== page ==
So, this doctor wants a test done that no one else does & it causes cancer? No, thank you. I had no peace about it & my husband was adamant that we weren’t doing it. I made an appointment at the center to discuss it further. Two days later, my insurance company called. Their answer was point blank- forget it. They deemed it experimental & refused to pay for it. I took this as further confirmation from God that I wasn’t to have the test.
I called new neurologist & told his office what my insurance had said. The secretary said she understood & that occasionally that happened. She was very pleasant but matter of fact about it. She made an additional appointment for me to see the doctor.
Eight weeks to the day, I got a letter from the ALJ regarding his decision. He decided in my favor. Praise God! Now we wait for the benefits to begin. Considering it’s the government, only God knows how long it’ll take.
We were happy & only really went over the judge’s ruling. I didn’t re-read my testimony/evidence pages until a few days later. That’s when I got a bit angry.
My testimony was deemed credible which is fantastic considering I’d told the absolute truth. I read my PCP’s report which was supportive & accurate, too. When I got to the last neurologist’s report, for the visit I’d just had, with the man who’d shrugged me off, I was very confused. His lengthy report said clearly, that I did have Parkinson’s disease. It maintained that he made his diagnosis based off visible evidence, his knowledge of the disease & my medical record.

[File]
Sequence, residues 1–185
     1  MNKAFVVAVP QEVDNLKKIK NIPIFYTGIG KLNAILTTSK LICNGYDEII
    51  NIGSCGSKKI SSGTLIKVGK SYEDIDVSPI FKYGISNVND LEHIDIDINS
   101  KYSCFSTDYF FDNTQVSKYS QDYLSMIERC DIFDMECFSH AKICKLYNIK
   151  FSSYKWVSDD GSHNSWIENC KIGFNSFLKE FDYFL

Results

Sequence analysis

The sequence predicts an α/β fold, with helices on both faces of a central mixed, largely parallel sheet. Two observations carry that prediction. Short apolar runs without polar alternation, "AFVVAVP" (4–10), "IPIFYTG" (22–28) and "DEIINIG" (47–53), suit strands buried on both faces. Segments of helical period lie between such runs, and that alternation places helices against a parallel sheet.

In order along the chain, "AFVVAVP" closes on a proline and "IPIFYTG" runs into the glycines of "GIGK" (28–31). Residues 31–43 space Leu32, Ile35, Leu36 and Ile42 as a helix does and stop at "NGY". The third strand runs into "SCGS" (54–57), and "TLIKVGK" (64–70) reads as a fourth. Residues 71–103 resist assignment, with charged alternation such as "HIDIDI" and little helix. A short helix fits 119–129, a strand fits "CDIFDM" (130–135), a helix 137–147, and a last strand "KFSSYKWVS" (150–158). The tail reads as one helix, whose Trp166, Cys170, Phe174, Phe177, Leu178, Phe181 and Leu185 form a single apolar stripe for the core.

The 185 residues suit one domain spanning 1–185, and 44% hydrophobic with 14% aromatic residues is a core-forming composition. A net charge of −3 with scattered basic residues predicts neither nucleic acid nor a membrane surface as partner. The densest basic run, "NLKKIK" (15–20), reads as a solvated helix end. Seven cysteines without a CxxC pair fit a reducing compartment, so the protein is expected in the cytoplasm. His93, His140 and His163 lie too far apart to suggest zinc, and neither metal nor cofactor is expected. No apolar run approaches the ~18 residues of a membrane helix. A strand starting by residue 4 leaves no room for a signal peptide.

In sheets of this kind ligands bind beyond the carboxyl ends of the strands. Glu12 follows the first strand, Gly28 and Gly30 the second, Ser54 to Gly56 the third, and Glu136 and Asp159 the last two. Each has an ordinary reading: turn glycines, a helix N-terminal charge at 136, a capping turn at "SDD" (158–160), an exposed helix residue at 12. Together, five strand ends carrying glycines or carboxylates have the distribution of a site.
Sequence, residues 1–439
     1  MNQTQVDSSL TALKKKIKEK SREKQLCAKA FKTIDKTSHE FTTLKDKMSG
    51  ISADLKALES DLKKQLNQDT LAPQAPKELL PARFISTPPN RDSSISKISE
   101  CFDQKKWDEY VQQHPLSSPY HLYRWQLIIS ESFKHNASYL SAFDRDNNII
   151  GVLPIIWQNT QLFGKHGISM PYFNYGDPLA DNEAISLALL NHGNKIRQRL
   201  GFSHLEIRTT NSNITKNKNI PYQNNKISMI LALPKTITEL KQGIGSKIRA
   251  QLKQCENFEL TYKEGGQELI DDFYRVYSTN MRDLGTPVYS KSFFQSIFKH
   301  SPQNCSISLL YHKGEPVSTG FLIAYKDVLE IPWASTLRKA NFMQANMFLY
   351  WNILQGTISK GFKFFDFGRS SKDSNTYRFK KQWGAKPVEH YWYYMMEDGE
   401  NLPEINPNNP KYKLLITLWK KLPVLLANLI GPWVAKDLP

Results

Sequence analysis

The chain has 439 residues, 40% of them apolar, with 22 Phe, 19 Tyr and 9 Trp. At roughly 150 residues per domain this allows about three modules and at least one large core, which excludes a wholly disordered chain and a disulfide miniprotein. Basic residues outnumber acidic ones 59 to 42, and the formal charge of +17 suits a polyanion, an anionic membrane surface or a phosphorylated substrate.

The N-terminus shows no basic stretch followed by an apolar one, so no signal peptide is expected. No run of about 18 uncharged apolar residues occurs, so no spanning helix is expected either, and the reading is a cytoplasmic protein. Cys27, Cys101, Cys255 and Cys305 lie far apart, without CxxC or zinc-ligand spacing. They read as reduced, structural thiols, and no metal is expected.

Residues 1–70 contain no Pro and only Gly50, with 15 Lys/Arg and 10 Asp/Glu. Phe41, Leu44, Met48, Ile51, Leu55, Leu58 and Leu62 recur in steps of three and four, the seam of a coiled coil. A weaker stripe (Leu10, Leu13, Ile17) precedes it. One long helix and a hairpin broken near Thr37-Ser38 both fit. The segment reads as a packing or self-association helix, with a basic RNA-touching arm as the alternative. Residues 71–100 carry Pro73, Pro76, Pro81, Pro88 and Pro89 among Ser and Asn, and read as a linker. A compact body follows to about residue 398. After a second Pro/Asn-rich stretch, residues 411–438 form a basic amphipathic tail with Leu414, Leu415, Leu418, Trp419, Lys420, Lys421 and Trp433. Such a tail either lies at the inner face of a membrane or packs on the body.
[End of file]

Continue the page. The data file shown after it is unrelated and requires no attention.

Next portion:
The court had actually waited on his paperwork because my appointment had taken place right before the hearing. They wanted all the facts. I appreciated that. What I don’t understand is why this new doctor was so stubborn about his findings & wrote in my medical record the exact opposite of what he’d said?
To be blunt, my first thought was that he had some sort of deal with the clinic. Maybe a kickback of some sort. It made me angry that he’d be willing to purposely put patients in jeopardy. So, I called the only doctor I trusted at this point- my PCP. Her explanation was a lot nicer & more ethical.
In her heart, she believes he was terrified of malpractice. By refusing to give me closure, he was protecting his own interest, that’s true. But, she felt, if he said yes, & I got a second opinion saying no, then I may sue him. I’m not that type but he wouldn’t know that. So, even though, he honestly felt the diagnosis is Parkinson’s & he believed it enough to name it & record it in my medical record, he was afraid to say it.
This test was his out. The only problem is that this test is far from failsafe. Parkinson’s isn’t the type of disease a simple test finds. Even the meds aren’t 100%. Some cause more symptoms than the disease!
Currently, I am med-free for the PD. I’m relying on the Great Physician to guide me in the right direction. I changed my nutrition to include foods rich in dopamine (which is the chemical we PD people don’t have in our brains) such as Japanese chard. I also began coordination exercises to help me stave off tremors.
So, what was the point of all this? Do encourage you to do your own research. Don’t settle when it comes to doctors. Don’t give in to tests because a man in a white coat said to do it. Be your own advocate. But, most of all, in all your health needs & scares, ask God for wisdom. If you don’t have peace about something, do not do it.

2 thoughts on “Journey to a Diagnosis: Part 3